COVID-19 has been a big shot in the arm for tech companies that have been able to capitalise on the work-from-home (WFH) boom.

Global lockdowns led to a rapid rise in the number of employees shifting to remote working. Roy Morgan estimated that in Australia this equated to 4.3 million people at the peak of restrictions.

As for the US, Slack estimated that on March 27, 16 million people who previously worked in offices were now working remotely. While it hasn’t updated that figure since, it admits that number is likely much higher now.


Helping the transition

Jason Baden, regional vice president at application delivery firm F5, told Stockhead that businesses had to take proactive steps to ensure operating remotely would work.

He said as a firm, helping facilitate the transition business for F5 was “busier than ever”.

“You needed to be able to get staff to be able get home, use those applications and make sure they’re working,” Baden explained.

“Working with some of the largest customers — banks and government — they weren’t ready for that at the time it happened. So there was really a big amount of work.

“We worked closely with those customers to make sure they could get home but ensure their applications, information and all of the staff details were safe and secure at the same time.”

The first listed company you might think of as a winner from the rapid acceleration of working from home is Zoom Communications (NDQ:ZOOM).

It is up 400 per cent in 12 months and is now trading around $US411 ($561).

But a bunch of ASX-listed tech companies have also been beneficiaries of the WFH boom.


Data centres

Data centre operators are among the winners. Leading the charge is large cap NextDC (ASX:NXT) which is up 80 per cent in 12 months.

Earlier this month Stockhead spoke with its current boss Craig Scroggie who explained that data centres were designed for these circumstances.

2020 has been a record year for NextDC, with total revenues exceeding $200m.

“We started the year with bushfires and many of those were the scale of one in 100 year type events, then enormous floods — more one in 100 year events — and you throw the global pandemic on top of that you get a hat-trick of extraordinary challenging circumstances,” he said.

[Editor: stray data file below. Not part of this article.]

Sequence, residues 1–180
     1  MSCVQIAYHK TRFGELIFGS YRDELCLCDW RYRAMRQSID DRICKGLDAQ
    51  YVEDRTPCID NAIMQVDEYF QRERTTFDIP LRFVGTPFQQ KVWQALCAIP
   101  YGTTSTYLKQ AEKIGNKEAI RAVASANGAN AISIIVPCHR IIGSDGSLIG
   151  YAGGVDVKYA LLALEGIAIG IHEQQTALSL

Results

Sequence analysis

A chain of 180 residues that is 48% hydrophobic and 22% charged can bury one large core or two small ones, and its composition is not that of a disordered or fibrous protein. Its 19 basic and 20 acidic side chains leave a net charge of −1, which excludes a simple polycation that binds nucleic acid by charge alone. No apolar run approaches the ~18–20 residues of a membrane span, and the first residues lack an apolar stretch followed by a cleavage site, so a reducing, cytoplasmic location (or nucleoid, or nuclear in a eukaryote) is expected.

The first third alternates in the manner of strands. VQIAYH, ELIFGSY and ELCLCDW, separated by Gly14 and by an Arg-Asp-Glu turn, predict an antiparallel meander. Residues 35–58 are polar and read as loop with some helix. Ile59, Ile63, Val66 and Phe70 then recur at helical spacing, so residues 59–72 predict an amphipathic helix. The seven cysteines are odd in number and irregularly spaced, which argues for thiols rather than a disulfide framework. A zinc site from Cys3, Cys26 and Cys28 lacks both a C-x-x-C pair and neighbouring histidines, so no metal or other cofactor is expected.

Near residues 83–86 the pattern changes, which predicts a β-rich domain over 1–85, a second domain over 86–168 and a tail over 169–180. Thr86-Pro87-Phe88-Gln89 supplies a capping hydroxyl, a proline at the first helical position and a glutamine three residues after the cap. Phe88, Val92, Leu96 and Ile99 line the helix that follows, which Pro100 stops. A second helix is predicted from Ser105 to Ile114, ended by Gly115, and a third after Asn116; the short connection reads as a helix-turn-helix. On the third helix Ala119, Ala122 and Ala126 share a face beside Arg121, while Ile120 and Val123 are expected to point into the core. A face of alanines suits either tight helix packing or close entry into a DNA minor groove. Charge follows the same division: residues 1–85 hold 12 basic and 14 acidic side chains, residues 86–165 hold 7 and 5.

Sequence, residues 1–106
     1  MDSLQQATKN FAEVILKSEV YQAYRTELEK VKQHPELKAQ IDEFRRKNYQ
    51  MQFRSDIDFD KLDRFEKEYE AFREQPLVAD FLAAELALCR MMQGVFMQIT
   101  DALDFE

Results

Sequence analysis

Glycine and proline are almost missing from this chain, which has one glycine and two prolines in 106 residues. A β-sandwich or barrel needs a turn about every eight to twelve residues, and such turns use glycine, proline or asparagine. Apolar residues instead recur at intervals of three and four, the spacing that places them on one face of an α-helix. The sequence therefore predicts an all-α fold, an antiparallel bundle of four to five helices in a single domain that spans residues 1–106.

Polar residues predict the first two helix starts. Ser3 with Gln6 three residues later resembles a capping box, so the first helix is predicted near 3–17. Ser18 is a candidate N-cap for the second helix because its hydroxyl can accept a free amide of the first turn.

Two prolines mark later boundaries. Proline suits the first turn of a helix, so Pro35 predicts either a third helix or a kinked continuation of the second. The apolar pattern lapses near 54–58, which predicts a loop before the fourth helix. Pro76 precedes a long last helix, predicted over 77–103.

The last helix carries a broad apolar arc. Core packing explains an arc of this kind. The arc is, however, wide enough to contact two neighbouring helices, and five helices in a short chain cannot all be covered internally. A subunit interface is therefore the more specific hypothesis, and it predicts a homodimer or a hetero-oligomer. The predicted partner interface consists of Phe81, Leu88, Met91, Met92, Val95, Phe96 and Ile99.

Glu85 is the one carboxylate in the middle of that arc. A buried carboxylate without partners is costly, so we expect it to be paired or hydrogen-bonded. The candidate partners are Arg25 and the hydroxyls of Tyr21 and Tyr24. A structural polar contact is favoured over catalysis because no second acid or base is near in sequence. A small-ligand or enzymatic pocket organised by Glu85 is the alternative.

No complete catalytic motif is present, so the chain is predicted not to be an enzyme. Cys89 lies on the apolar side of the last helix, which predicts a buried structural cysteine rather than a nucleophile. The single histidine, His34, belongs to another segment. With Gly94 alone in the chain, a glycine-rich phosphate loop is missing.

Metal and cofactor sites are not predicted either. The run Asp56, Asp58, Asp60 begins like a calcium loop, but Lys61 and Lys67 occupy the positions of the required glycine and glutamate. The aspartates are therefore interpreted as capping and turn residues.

“But all of these are essentially what a data centre is built to protect against, ensuring that infrastructure, communications and networks can still operate regardless of what the trying times may be.”

Business-to-business telco 5GN Networks (ASX:5GN), meanwhile, is building its own network of data centres.

This company has more than doubled in a year and says it is well-positioned for the next 12 months. It is estimating $60-$65m in revenues and $8m in earnings in FY21.

NXT & 5GN share price chart


Other winners

There is no shortage of telcos and internet providers on the ASX that have benefited. But stocks that have unique technologies have done particularly well during the WFH boom.

Vonex (ASX:VN8), one of the biggest winners, for example, in February and March witnessed softphone sales growth of 1,000 per cent over the same months of 2019.

The momentum has continued, with the company finishing the first half of the year with $3.7m in total contract value (TCV) of new customer sales — 65 per cent up year on year.

Additionally, the company is building a platform, called Oper8tor, allowing users to communicate across communications platforms (such as Skype, Zoom and WhatsApp) regardless of whether or not they are using the same platform.

The company is up over 50 per cent in 12 months.

An even bigger winner is cloud communications software Whispir (ASX:WSP), which in six months has gone from under $1 to $3.49.

In March, Victoria’s government hired it to help it communicate with COVID-19 patients and people in self-isolation.

Whispir’s annualised recurring revenue (ARR) for FY20 is up 34 per cent year on year.

VN8 & WSP share price chart